|Appears in Collections:||Law and Philosophy Book Chapters and Sections|
|Authors:||Duff, R A|
|Citation:||Duff RA (2012) Criminal Attempts. In: Marmor A (ed.). Routledge Companion to Philosophy of Law . Routledge Philosophy Companions, London: Routledge, pp. 191-204.|
|Series/Report no.:||Routledge Philosophy Companions|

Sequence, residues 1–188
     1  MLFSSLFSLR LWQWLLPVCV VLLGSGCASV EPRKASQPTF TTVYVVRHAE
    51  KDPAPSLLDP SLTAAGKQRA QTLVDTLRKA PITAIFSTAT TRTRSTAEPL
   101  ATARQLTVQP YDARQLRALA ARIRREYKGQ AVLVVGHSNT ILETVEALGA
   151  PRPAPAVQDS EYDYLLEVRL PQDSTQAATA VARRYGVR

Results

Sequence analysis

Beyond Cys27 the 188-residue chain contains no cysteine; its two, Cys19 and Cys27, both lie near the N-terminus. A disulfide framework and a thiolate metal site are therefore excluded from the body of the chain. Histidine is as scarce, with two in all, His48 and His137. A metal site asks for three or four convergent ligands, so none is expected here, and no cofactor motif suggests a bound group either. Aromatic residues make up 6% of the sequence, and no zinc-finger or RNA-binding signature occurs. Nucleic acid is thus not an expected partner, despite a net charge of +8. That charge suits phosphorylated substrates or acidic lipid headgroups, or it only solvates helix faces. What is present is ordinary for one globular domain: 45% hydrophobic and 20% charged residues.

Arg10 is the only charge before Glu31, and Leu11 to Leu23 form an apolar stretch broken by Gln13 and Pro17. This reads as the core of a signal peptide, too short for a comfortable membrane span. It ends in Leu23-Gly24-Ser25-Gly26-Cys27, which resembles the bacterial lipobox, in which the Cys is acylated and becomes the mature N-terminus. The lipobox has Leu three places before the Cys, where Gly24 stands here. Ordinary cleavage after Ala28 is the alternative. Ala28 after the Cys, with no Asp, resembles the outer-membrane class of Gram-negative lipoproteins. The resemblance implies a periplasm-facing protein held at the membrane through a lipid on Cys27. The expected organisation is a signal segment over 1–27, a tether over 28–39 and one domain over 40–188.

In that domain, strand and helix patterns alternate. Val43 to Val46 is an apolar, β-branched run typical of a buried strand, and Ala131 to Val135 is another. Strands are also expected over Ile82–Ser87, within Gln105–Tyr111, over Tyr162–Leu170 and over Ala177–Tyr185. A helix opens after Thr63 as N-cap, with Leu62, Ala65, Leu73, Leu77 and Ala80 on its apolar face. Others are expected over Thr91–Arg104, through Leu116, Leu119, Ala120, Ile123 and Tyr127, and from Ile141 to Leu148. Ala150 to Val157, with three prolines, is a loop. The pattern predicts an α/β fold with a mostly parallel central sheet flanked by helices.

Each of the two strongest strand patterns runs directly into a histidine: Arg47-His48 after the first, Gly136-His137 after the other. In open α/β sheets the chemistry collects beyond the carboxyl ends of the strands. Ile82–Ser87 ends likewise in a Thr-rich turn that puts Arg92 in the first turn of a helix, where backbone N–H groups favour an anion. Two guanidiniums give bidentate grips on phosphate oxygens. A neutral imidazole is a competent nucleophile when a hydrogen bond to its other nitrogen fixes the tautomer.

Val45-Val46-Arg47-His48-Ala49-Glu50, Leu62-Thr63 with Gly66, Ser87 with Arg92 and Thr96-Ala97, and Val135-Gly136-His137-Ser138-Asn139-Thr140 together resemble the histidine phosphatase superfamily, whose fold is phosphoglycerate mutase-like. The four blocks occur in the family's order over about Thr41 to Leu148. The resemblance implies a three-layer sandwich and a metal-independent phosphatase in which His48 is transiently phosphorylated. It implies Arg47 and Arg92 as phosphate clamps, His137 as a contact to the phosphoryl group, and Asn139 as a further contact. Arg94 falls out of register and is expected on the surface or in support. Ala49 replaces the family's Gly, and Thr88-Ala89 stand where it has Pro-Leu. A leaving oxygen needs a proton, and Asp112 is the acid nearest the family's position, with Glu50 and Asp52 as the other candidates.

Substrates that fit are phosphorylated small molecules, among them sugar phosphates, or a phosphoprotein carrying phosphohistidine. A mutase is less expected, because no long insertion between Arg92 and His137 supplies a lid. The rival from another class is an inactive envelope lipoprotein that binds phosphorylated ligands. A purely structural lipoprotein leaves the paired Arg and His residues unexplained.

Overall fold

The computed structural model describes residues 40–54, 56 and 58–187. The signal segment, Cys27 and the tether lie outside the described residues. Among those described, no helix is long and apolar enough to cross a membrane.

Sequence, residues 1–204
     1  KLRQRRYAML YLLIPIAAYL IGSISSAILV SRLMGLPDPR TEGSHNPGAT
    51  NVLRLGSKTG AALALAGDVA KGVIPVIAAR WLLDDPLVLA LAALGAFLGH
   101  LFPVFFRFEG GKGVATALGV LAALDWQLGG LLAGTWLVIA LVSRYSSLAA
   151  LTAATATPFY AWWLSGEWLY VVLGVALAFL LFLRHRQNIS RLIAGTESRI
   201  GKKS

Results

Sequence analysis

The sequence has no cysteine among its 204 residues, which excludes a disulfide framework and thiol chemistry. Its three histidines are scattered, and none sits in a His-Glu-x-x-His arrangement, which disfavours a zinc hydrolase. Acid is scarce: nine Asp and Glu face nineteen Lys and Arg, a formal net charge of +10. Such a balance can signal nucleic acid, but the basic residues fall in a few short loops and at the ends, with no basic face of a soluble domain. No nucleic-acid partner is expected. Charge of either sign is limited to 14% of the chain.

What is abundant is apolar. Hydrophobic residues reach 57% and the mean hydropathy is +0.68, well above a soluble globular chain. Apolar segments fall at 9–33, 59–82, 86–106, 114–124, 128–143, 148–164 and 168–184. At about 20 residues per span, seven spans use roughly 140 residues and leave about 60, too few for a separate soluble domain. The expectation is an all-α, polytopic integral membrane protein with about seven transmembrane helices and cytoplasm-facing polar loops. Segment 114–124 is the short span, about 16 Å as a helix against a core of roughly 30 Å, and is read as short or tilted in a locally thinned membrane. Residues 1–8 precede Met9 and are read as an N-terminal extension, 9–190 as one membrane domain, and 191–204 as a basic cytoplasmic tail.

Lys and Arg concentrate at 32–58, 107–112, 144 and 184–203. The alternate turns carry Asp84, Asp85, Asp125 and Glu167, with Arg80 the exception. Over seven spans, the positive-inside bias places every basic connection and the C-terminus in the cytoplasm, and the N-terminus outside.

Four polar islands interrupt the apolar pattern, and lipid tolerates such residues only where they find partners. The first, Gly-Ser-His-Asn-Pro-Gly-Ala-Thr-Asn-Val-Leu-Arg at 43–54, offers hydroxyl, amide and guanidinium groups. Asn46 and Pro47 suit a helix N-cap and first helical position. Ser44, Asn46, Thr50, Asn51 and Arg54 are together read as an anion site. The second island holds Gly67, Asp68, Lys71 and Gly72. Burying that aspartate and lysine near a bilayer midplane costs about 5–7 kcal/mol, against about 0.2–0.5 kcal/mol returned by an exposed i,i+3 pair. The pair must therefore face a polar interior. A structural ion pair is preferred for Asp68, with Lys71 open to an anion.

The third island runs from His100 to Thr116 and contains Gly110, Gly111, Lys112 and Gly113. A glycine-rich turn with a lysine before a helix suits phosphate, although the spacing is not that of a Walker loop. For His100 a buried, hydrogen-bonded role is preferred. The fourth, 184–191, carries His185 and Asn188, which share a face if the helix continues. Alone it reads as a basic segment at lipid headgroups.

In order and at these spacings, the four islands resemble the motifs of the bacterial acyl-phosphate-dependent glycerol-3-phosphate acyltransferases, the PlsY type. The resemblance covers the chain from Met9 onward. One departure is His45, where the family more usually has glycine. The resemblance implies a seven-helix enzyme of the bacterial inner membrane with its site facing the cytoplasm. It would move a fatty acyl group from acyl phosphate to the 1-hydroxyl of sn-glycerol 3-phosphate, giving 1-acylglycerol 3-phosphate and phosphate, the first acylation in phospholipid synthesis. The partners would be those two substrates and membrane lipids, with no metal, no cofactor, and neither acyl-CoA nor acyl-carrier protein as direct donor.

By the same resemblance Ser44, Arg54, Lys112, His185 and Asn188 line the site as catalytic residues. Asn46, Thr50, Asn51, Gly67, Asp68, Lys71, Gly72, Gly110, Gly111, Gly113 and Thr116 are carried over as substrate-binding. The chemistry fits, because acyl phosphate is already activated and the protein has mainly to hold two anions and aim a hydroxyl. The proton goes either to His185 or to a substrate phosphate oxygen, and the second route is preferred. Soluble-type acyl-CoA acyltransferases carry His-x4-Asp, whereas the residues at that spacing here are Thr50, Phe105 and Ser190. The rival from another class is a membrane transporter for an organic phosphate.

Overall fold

|Abstract:||First paragraph: Many criminal offenses are so defined that their commission requires the occurrence of the primary mischief or harm with which the law is concerned. The mischief with which offenses of homicide are primarily concerned is the death, or unlawful killing, of a human being; murder and other species of criminal homicide are so defined that they are committed only when someone is killed. The primary mischief with which the offense of criminal damage is concerned is the nonconsensual destruction of or damage to property; the offense is so defined that it is committed only if such destruction or damage actually occurs. We can call such offenses "consummate" (see Husak 1995): their commission involves the consummation of the mischief at which the law is aimed.|
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